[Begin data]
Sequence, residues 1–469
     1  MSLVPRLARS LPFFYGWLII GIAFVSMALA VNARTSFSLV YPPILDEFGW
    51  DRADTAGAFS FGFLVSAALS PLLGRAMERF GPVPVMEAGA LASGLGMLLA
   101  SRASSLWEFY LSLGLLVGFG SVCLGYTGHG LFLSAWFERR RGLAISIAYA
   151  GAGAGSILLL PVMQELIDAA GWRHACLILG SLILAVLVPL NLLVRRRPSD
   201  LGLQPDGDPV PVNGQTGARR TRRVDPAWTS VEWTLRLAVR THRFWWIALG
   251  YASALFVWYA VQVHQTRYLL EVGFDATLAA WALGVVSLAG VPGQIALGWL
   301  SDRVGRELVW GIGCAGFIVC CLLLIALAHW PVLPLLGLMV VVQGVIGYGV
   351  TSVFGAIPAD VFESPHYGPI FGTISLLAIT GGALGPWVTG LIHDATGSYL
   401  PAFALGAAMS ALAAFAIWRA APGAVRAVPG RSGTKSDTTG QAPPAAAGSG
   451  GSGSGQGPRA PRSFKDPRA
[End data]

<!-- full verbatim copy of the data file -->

Sequence, residues 1–469
     1  MSLVPRLARS LPFFYGWLII GIAFVSMALA VNARTSFSLV YPPILDEFGW
    51  DRADTAGAFS FGFLVSAALS PLLGRAMERF GPVPVMEAGA LASGLGMLLA
   101  SRASSLWEFY LSLGLLVGFG SVCLGYTGHG LFLSAWFERR RGLAISIAYA
   151  GAGAGSILLL PVMQELIDAA GWRHACLILG SLILAVLVPL NLLVRRRPSD
   201  LGLQPDGDPV PVNGQTGARR TRRVDPAWTS VEWTLRLAVR THRFWWIALG
   251  YASALFVWYA VQVHQTRYLL EVGFDATLAA WALGVVSLAG VPGQIALGWL
   301  SDRVGRELVW GIGCAGFIVC CLLLIALAHW PVLPLLGLMV VVQGVIGYGV
   351  TSVFGAIPAD VFESPHYGPI FGTISLLAIT GGALGPWVTG LIHDATGSYL
   401  PAFALGAAMS ALAAFAIWRA APGAVRAVPG RSGTKSDTTG QAPPAAAGSG
   451  GSGSGQGPRA PRSFKDPRA